Noah Webster, American textbook pioneer (1823):  When you become entitled to exercise the right of voting for public officers, let it be impressed on your mind that God commands you to choose for rulers, "just men who will rule in the fear of God." The preservation of government depends on the faithful discharge of this duty; if the citizens neglect their duty and place unprincipled men in office, the government will soon be corrupted; laws will be made, not for the public good so much as for selfish or local purposes; corrupt or incompetent men will be appointed to execute the laws; the public revenues will be sqandered on unworthy men; and the rights of the citizens will be violated or disregarded. If a republican government fails to secure public prosperity and happiness, it must be because the citizens neglect the divine commands, and elect bad men to make and administer the laws.

     Daniel Webster, U.S. Senator (1840):  Impress upon children the truth that the exercise of the elective franchise is a social duty of as solemn a nature as man can be called to perform; that a man may not innocently trifle with his vote; that every elector is a trustee as well for others as himself and that every measure he supports has an important bearing on the interests of others as well as on his own.

     Charles Finney (Pastor, 1868):  The time has come that Christians must vote for honest men and take consistent ground in politics or the Lord will curse them. . . . Christians have been exceedingly guilty in this matter. But the time has come when they must act differently. . . . Christians seem to act as if they thought God did not see what they do in politics. But I tell you He does see it - and He will bless or curse this nation according to the course they [Christians] take [in politics].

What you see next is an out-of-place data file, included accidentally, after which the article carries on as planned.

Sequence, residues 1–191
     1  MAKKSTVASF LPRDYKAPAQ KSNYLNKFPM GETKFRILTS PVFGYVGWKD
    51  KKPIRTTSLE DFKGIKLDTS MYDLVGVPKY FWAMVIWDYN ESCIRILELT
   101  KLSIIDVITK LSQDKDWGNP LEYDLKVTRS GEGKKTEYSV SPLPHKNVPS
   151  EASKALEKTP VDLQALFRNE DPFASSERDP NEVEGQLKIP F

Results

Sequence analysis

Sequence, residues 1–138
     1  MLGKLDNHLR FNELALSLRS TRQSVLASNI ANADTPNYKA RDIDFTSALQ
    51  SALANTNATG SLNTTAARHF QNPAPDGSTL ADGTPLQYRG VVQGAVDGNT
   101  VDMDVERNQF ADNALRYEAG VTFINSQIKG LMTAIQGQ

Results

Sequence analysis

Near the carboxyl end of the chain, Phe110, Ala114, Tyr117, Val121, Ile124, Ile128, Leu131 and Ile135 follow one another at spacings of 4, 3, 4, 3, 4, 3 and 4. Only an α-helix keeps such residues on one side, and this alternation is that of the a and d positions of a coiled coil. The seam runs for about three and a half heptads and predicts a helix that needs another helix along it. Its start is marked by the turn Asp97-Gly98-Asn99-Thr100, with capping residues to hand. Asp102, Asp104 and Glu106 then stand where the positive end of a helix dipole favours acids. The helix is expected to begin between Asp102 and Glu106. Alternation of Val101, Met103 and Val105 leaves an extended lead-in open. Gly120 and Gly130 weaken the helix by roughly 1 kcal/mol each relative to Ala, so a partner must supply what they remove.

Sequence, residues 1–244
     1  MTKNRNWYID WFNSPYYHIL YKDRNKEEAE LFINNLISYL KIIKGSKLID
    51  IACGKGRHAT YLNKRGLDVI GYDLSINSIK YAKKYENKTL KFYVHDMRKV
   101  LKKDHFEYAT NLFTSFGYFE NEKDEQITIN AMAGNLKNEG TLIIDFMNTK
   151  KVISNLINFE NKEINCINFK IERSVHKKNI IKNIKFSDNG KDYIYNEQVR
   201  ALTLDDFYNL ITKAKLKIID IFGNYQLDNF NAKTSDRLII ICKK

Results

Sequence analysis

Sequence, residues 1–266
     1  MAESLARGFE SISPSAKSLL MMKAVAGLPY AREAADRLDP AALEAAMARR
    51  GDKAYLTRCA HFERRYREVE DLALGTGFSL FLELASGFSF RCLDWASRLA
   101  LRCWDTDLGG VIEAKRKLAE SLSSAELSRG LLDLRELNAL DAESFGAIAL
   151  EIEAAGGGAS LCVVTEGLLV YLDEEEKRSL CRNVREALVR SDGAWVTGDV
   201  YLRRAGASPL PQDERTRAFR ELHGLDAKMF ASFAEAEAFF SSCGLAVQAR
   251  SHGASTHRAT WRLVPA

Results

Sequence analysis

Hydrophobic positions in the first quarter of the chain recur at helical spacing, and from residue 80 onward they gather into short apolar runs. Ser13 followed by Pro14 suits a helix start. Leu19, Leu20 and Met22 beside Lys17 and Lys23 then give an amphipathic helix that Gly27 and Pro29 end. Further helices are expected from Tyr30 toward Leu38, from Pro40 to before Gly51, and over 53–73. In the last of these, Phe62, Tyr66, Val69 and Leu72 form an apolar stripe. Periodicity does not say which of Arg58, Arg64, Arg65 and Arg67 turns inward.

James Garfield, President of the U.S. (1883):  Now more than ever the people are responsible for the character of their Congress. If that body be ignorant, reckless, and corrupt, it is because the people tolerate ignorance, recklessness, and corruption. If it be intelligent, brave, and pure, it is because the people demand these high qualities to represent them in the national legislature. . . . [I]f the next centennial does not find us a great nation . . . it will be because those who represent the enterprise, the culture, and the morality of the nation do not aid in controlling the political forces.
     
     As you can see, they all took the exercise of their voting right very seriously; they said it plain and clear ... we are responsible for the character and morals of our governing body.  And, my, how we have abdicated that duty.  The sheer number of non-voters has allowed our freedoms to slip away.  When we don't represent ourselves, we open the door to corruption, decay and evil.  We should never forget that people sacrificed their lives to preserve our freedom and our right to vote; it is our sacred obligation to exercise the opportunity they so selflessly afforded us.  True democracy in a republican form of government demands the involvement of the people --  otherwise, in absence of that participation, there is no moral government ... and our demise is certain.

Isaiah 9:16    "For those who guide this people have been leading them astray, and those who are guided by them are swallowed up."

2 comments:

  1. Look closely at your replacement voter cards, are they premarked DEM? I have heard it is happening in Texas...Good luck in voting out the liberals, I hope you are successful. Although I also hear the Dems count their votes very differently than the Repubs.

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    1. Nope, they are "legit" cards. And the very fact that we admit the possibility of voter fraud, shows the depth to which our society has fallen. Fortunately, we have some very good, Constitutional candidates for public office here in Texas. May God's will be done!